Today’s “tail” comes from Joyce Moore-Short, a volunteer at the Kent shelter. She has taken home not one, not two, but THREE dogs from the shelter! We are so lucky to have great volunteers like Joyce.
Back in April of 2009, we lost our beautiful one-year-old terrier mix Angel to a tragic accident. After waiting a couple of months, we decided to find a new friend for our canine companion Luckie, an Australian Cattle Dog mix. At the time I worked just a few blocks from the shelter, and one afternoon in late June I was almost home when something kept telling me to go back to the shelter. Upon arriving, I asked to see the adoptable dogs, and there he was. Sitting quietly at the back of his kennel, I spotted the most beautiful Australian Cattle Dog I’d ever seen. The name on the card was “Bandit.” I knelt down and quietly said his name, but he didn’t even look up. I could feel he was very depressed, so I just sat on the floor and waited a few moments. Eventually, he did look at me, and then moved up to the front of the kennel. When I reached out to touch him, he began to rub his whole body along the kennel door, sort of the way a cat would! Needless to say, I was hooked. I really think it was love at first sight for me. My husband brought our boy Luckie down so the two could meet, and they got along great, playing together in the outdoor run. We happily paid the adoption fee, I think it was $75 then, and Bandit became a permanent member of our family. He is still with us today. We kept the name Bandit (it fits, he has the traditional mask over both eyes) and has made amazing progress from the once shy, reserved shelter dog to the happy, playful and extremely loving guy he is today. I am so happy we chose to adopt!!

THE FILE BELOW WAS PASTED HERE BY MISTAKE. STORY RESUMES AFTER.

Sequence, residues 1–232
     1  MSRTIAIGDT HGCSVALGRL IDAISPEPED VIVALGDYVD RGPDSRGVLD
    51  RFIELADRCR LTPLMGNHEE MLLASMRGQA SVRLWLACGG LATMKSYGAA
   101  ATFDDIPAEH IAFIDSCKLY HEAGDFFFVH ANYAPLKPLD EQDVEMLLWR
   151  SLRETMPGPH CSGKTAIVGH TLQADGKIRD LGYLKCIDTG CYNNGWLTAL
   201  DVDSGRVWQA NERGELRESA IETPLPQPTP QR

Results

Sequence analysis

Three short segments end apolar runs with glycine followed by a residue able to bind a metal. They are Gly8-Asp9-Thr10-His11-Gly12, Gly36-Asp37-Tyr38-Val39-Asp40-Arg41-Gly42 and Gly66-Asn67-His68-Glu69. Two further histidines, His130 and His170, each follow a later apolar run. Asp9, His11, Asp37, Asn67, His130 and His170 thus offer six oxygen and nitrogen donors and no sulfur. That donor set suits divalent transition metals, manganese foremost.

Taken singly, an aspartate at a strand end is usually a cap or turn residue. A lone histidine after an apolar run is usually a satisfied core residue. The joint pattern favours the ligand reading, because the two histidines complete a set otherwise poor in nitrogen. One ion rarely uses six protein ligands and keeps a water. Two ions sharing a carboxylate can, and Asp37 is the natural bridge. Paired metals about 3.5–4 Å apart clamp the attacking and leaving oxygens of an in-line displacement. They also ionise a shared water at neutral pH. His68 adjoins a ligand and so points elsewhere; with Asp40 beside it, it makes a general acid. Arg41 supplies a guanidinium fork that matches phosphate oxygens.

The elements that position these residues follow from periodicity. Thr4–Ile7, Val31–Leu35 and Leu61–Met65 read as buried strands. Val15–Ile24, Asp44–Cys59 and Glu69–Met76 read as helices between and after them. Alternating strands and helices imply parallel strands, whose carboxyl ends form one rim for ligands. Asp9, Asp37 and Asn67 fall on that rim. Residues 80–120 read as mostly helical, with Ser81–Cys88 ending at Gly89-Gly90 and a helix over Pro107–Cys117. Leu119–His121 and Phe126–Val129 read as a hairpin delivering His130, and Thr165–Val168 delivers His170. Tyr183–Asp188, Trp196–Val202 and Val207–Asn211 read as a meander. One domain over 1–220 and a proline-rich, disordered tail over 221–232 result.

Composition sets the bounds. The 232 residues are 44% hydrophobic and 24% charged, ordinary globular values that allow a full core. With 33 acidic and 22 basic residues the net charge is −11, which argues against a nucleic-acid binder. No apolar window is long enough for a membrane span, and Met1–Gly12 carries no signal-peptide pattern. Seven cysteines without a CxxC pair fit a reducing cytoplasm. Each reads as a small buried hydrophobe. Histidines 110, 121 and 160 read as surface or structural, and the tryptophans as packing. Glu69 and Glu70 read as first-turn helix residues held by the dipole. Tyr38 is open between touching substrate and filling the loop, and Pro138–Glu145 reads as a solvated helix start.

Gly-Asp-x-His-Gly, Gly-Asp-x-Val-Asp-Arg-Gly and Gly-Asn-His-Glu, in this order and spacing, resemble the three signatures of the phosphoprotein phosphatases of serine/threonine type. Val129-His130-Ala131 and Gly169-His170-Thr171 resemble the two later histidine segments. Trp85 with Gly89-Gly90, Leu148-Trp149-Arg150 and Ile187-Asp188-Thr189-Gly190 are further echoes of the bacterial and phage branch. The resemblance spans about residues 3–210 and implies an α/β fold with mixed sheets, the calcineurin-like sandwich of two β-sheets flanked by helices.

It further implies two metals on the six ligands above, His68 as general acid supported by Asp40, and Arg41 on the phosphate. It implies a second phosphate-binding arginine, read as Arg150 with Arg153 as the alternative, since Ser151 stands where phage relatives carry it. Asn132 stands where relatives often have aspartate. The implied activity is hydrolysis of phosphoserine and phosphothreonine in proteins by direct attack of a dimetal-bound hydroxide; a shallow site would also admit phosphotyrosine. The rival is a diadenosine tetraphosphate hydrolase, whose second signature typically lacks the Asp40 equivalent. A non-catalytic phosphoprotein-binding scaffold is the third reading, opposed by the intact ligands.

In February of 2011, I decided to volunteer at RASKC. I am studying for my Humane Religion Animal Chaplain Ordination and thought service work with animals would fit in with my studies. I began taking one day a week at the feline adoption room inside Federal Way PetSmart. I really enjoy my time with the kitties there, and talking to all the people. I have since added a morning of dog walking on the shelter grounds, and enjoy it equally as much. There has always been a special place in my heart for dogs.
In late March or early April, I saw that this big, gangly, white and tan pit bull had come in. He had the most beautiful blue eyes, and such amazing puppy energy! The card said he might be partially deaf and had some vision issues. I knew he had fostered with Officer Vicki, and he did well with her pets and family. Each Saturday I would come in to walk dogs, and there was “Parker,” still at the shelter. He was adopted and returned twice by different families. I was not able to find out exactly why he kept coming back, but I made it my mission to find him a suitable home. After contacting several special needs rescues, including a couple that work with deaf dogs, and hearing “sorry, we’re full up and have a waiting list,” I asked my husband to come down and meet him. He brought our other two companion dogs, Luckie and Bandit, so they could all meet. It was such a successful meeting that we decided we had found Parker’s new home after all, and that it would be here with us. He is thriving at our place! He has gained about five pounds in a month, and his true personality is really shining now. I never thought I would adopt a pit bull, but he is just the sweetest, most loving, playful boy ever. His hearing and vision issues don’t slow him down one bit; he’s just a little more cautious about where he steps after dark.
I have watched the shelter go through many changes over the past few years, all for the better, in my honest opinion. I would not have volunteered back in 2009, when we found Bandit, the euthanasia rate was so high and the culture around the shelter was, frankly, depressing. Having gotten to know many of the officers, staff, and other volunteers I can say I am truly proud to be a small part of it today. The people at the shelter really care; you can feel it and see it in their faces. Everyone works so hard for all the dogs, cats, goats, bunnies, and others that come through the doors. It is my hope that when I have obtained my ordination, the shelter will allow me to become their on-call chaplain. Overall my experiences with RASKC and the people there have all been overwhelmingly positive. Thanks for giving me the opportunity to say so in writing.